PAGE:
Audit procedures are fundamental to carrying out an effective and thorough audit. They serve as the tools that auditors employ to obtain sufficient evidence about the financial statements of an entity. T
Auditors employ various types of audit procedures and testing methods during an audit to obtain sufficient appropriate evidence. The nature and extent of audit procedures depend on the auditor’s risk assessment, materiality considerations, audit assertions being tested, and other engagement circumstances. This blog discusses the different types of audit procedures auditors commonly use.
Risk Assessment Procedures
Before diving deep into specific procedures, auditors initiate risk assessment procedures. This involves understanding the company’s operations, its environment, and the risk factors that might lead to a misstatement in the financial statements.
Classification of Audit Procedures
The type of audit procedure to apply mainly depends on the audit objectives and the quality of audit evidence required. The methods used can be broadly categorized into controls and substantive procedures.
Test of Control
A test of control assesses the operating effectiveness of controls in preventing or detecting misstatements. This type of testing ensures that a control is operating effectively.
Substantive Audit Procedures
Substantive procedures are methods used to obtain evidence on the completeness and accuracy of data. There are two main types: analytical audit procedures and detailed tests of balances. While analytical audit procedures involve evaluating financial information through plausible relationships, detailed tests dive deeper, encompassing counting procedures or examining specific transactions.
Audit Method & Testing Methods Used During Audit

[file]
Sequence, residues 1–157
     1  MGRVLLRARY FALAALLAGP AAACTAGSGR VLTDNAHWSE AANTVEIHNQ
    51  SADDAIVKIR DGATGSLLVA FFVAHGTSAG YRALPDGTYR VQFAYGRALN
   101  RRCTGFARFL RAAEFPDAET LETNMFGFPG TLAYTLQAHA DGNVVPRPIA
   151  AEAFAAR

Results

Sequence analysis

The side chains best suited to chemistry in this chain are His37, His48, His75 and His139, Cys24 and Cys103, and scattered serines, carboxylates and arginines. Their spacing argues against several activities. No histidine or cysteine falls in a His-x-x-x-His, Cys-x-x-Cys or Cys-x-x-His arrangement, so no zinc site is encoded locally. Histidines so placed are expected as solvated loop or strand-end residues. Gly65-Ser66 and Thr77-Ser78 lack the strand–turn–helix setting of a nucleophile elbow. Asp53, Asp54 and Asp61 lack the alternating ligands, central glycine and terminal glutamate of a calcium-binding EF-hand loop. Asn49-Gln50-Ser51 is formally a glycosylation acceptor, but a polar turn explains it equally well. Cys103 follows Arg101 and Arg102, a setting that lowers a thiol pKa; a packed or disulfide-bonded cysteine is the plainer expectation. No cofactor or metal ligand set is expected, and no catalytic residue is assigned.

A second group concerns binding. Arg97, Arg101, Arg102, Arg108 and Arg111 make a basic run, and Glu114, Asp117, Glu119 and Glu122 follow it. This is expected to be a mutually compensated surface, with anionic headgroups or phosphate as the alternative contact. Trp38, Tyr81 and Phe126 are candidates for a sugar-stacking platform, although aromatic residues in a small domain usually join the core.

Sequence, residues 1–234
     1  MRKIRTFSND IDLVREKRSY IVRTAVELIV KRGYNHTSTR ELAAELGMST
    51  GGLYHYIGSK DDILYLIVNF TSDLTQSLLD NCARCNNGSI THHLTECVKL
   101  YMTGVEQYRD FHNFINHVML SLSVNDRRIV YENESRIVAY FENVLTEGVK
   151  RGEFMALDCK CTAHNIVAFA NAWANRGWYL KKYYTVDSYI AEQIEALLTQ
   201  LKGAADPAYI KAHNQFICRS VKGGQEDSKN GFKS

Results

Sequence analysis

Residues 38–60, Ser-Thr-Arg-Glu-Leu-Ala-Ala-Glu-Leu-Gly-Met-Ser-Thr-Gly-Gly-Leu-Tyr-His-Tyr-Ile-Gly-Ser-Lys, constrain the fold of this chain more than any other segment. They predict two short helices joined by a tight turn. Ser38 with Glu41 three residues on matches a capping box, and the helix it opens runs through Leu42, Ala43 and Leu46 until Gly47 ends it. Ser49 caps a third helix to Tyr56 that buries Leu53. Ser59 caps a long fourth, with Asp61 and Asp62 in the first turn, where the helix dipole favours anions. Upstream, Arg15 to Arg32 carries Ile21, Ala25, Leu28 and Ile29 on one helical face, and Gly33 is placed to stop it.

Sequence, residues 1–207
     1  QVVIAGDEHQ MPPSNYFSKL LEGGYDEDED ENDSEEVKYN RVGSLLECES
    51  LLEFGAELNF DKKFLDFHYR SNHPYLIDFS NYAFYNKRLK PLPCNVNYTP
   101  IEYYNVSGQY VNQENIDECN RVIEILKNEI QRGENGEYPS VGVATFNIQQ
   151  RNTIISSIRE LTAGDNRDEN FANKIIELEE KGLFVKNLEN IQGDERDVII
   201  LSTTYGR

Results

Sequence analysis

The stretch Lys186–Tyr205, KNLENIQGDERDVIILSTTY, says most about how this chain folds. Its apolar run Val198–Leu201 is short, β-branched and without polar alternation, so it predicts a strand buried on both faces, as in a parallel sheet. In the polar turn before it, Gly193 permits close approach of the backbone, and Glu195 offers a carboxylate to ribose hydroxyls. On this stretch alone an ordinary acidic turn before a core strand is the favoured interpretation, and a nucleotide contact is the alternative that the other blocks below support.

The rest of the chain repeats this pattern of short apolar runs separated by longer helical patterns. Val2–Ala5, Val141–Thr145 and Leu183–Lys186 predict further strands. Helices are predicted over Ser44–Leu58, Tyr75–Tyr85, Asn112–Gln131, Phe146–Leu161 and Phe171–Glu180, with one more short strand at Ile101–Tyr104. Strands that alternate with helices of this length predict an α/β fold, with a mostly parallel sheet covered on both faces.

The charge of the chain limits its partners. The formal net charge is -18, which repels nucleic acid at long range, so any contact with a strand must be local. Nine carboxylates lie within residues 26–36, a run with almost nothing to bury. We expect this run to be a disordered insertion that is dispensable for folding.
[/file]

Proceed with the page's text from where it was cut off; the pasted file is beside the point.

Auditors apply various testing methods used during audit procedures. The methods that auditors use can range from manual reviews of documents to advanced computer-assisted audit techniques.
5 Types of Audit Tests
Audit testing methods can be classified into five main types:
The inspection involves examining documents like invoices, contracts, minutes, bank statements, etc. Both internal documents and external documents from third parties may be inspected.
Auditors may observe processes or procedures being performed by the client’s personnel. Observation provides evidence about how controls are implemented.
Inquiries involve seeking information from knowledgeable persons, either verbally or through questionnaires. Inquiries provide important details that may not be documented.
Confirmation means obtaining a representation from a third party about certain details like account balances, terms of transactions, etc.
Checking the accuracy of documents and accounts by recalculating balances, performing reconciliations, etc. is important evidence.
8 Types of Substantive Audit Procedures
Some key substantive audit procedures include:
- Analytical procedures – Comparing balances, ratios, and trends to expectations
- Detail tests – Verifying the accuracy of documentation and accounts